Breaking News
February 17, 2019 - Support from trusted adults can reduce risk of dying in suicidal teens, finds study
February 17, 2019 - Heart attack awareness improved since 2008
February 17, 2019 - Exercise gives a better brain boost to older men than women
February 17, 2019 - New research disproves previous assumptions of how looks influence personality
February 17, 2019 - Cannabis use as a teenager linked to depression later in life
February 17, 2019 - Sinks by Toilets in ICU Patient Rooms Harbor Harmful Bacteria
February 17, 2019 - Cancer cells’ plasticity makes them harder to stop
February 17, 2019 - Young cannabis users have increased risk of depression and suicidal behavior
February 17, 2019 - Tasmanian Devils Likely to Survive Cancer Scourge
February 17, 2019 - Neoadjuvant PD-1 blockade seems effective in glioblastoma
February 17, 2019 - Personal, social factors play role in enabling sustainable return to work after ill health
February 17, 2019 - Mouse studies show ‘inhibition’ theory of autism wrong
February 17, 2019 - Study shows how neuroactive steroids inhibit activity of pro-inflammatory proteins
February 17, 2019 - Use of liver grafts from older donors decreased despite better outcomes in recipients
February 17, 2019 - MUSC researchers discover new mechanism for a class of anti-cancer drugs
February 17, 2019 - HPV misconceptions are causing women to miss smear tests
February 17, 2019 - Sanofi and Regeneron Offer Praluent (alirocumab) at a New Reduced U.S. List Price
February 17, 2019 - Researchers say auditory testing can identify children for autism screening
February 17, 2019 - New method analyzes how single biological cells react to stressful situations
February 17, 2019 - WVU gynecologic oncologist investigates novel treatment for cervical and vaginal cancers
February 17, 2019 - ADHD diagnoses poorly documented
February 17, 2019 - Majority of gender minority youth do not identify with traditional sexual identity labels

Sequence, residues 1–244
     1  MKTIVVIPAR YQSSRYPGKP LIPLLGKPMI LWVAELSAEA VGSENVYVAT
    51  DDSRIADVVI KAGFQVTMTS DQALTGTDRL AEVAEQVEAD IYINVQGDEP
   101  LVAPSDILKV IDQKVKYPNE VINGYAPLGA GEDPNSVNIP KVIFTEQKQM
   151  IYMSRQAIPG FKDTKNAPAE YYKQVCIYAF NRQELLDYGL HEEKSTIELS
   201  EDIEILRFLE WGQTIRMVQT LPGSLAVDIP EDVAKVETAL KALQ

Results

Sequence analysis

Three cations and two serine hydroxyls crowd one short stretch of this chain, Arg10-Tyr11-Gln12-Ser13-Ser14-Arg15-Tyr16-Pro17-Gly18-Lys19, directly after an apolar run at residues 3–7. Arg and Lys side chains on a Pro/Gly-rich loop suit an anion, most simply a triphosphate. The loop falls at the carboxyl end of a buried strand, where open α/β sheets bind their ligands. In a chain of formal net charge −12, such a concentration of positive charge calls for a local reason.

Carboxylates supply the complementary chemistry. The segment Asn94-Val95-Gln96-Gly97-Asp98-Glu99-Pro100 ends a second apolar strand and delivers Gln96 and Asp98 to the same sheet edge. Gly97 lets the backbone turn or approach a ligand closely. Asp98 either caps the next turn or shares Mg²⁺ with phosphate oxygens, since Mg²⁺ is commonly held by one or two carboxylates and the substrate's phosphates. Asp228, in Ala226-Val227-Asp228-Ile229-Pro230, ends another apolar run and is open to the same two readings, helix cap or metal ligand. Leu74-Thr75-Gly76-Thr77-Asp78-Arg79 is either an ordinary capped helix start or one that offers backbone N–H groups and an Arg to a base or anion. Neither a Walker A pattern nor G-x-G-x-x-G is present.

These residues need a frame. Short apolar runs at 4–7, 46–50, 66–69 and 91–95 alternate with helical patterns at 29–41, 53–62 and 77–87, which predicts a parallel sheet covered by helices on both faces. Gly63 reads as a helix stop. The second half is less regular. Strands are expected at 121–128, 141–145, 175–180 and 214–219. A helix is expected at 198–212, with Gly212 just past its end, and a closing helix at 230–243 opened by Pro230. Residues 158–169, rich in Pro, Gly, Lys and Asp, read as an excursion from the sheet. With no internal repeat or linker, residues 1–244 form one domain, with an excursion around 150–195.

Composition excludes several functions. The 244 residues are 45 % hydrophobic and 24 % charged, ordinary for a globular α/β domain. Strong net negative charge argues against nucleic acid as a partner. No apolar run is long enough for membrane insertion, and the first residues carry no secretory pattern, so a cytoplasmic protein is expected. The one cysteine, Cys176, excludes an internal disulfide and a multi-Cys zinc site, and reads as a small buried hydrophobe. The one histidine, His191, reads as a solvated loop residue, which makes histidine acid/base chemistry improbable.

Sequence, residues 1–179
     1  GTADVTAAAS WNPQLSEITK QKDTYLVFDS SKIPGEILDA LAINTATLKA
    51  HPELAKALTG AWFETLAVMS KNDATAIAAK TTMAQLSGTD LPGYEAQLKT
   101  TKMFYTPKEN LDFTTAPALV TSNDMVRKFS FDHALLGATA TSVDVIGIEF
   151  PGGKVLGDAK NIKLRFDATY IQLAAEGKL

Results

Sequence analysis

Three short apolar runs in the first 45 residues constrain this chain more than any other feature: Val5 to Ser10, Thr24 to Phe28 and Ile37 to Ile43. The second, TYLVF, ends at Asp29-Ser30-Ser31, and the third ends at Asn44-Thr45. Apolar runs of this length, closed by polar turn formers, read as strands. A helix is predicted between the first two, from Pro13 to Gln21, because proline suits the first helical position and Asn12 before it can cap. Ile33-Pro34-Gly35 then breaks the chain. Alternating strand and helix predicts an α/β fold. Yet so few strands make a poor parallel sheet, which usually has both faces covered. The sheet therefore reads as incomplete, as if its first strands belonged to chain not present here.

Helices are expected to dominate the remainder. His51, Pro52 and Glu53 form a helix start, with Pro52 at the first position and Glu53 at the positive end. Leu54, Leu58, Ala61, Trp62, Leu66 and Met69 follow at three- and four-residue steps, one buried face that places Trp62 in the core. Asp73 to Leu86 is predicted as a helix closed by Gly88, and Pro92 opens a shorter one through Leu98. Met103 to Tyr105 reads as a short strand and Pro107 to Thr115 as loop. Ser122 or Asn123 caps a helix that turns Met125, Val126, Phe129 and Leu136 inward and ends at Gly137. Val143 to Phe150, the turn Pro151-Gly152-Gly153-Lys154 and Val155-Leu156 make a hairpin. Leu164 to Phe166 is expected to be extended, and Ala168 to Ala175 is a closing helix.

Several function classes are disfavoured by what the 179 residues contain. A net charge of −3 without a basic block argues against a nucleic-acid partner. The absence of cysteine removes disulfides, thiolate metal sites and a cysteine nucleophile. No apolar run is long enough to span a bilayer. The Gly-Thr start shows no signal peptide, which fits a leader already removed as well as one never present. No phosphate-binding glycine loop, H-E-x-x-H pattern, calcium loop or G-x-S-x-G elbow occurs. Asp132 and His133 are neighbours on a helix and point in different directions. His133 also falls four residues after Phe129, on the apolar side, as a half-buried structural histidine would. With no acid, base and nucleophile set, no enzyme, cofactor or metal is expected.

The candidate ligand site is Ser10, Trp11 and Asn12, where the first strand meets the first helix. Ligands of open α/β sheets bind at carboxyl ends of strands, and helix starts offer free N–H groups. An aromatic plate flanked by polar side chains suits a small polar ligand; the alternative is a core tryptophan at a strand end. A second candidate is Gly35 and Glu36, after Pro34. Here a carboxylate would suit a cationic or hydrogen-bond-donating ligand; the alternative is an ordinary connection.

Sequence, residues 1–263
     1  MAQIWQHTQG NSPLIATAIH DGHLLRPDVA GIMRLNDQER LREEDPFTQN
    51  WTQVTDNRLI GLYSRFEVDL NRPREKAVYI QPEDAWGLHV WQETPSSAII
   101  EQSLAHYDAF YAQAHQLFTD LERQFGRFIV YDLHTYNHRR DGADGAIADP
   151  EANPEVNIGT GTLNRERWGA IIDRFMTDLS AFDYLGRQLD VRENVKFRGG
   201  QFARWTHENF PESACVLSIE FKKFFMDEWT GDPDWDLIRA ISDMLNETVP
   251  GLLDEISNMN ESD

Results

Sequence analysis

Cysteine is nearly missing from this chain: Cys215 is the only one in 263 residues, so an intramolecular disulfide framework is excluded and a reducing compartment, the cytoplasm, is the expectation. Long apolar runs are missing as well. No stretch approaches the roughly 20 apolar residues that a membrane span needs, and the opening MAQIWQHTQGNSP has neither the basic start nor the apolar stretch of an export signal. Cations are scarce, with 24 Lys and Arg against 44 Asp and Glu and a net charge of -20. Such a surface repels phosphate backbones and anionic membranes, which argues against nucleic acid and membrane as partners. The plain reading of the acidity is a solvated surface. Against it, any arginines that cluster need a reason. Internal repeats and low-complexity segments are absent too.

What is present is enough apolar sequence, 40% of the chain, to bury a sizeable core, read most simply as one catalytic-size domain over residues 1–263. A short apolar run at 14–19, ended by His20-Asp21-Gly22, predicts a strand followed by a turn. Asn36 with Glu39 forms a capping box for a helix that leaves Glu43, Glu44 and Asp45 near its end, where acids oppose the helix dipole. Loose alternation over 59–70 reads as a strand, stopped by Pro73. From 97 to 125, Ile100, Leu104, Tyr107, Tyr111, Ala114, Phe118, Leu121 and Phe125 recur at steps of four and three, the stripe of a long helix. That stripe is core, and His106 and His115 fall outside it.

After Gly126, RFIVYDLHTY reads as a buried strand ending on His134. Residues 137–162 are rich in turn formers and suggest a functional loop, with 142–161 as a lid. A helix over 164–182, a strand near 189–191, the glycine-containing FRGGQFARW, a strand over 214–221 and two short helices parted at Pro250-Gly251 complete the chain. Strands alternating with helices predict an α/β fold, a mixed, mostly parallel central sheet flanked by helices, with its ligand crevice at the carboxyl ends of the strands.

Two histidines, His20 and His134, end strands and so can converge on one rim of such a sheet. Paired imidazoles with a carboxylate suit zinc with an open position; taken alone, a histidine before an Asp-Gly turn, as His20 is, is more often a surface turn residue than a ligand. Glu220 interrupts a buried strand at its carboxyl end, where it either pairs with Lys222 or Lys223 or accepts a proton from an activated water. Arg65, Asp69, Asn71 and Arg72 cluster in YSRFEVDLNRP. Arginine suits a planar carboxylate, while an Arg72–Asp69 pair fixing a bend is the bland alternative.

February 17, 2019 - AbbVie, Teneobio enter into strategic transaction to develop potential treatment for multiple myeloma
February 17, 2019 - Lower Birth Weight May Up Risk for Psychiatric Disorders
February 17, 2019 - Scientists identify reversible molecular defect underlying rheumatoid arthritis
February 17, 2019 - Moffitt researchers shed light on how CAR T cells function mechanistically
February 16, 2019 - Female Anatomy May Play Big Role in Sperm’s Success
February 16, 2019 - BMI may mediate inverse link between fiber intake, knee OA
February 16, 2019 - Movement impairments in autism can be reversed through behavioral training
February 16, 2019 - Studies address racial disparities in postpartum period and cardiovascular health
February 16, 2019 - Scientists implicate hidden genes in the severity of autism symptoms
February 16, 2019 - Decreased deep sleep linked to early signs of Alzheimer’s disease
February 16, 2019 - Neuroscientists show how the brain responds to texture
February 16, 2019 - Gilead Announces Topline Data From Phase 3 STELLAR-4 Study of Selonsertib in Compensated Cirrhosis (F4) Due to Nonalcoholic Steatohepatitis (NASH)
February 16, 2019 - What Can I Do About Sweating? (for Teens)
February 16, 2019 - Companies navigate dementia conversations with older workers
February 16, 2019 - Newly developed stem cell technologies show promise for treating PD patients
February 16, 2019 - Collaborative material research could advance self-assembling nanomaterials
February 16, 2019 - Researchers take major step in creating technology that mimics the human brain
February 16, 2019 - Erasing memories associated with cocaine use reduces drug seeking behavior
February 16, 2019 - Artificial intelligence can accurately predict prognosis of ovarian cancer patients
February 16, 2019 - Racial disparities in cancer deaths on the decline for America
February 16, 2019 - FDA authorizes new interoperable insulin pump for children, adults with diabetes
February 16, 2019 - Coexisting Medical Conditions, Smoking Explain PTSD-CVD Link
February 16, 2019 - Skin Cancer Screening: MedlinePlus Lab Test Information
February 16, 2019 - ‘Happiness’ exercises can boost mood in those recovering from substance use disorder
February 16, 2019 - Cell manipulation could soon halt or reverse aging
February 16, 2019 - Pumped Breast Milk Falls Short of Breastfed Version
February 16, 2019 - Men’s porn habits could fuel partners’ eating disorders, study suggests
February 16, 2019 - Rapid progression of age-related diseases may result from formation of vicious cycles
February 16, 2019 - Immune checkpoint molecule protects against future development of cancer
February 16, 2019 - New method produces hydrogels that have properties similar to cells’ environment
February 16, 2019 - $4.1 million funding for heart research on Valentine’s Day
February 16, 2019 - General anesthesia in early infancy unlikely to have lasting effects on developing brains
February 16, 2019 - New breakthroughs for muscular dystrophy research
February 16, 2019 - First Opinion: Embryo editing for higher IQ is a fantasy. Embryo profiling for it is almost here
February 16, 2019 - Vapers develop cancer-related gene deregulation as cigarette smokers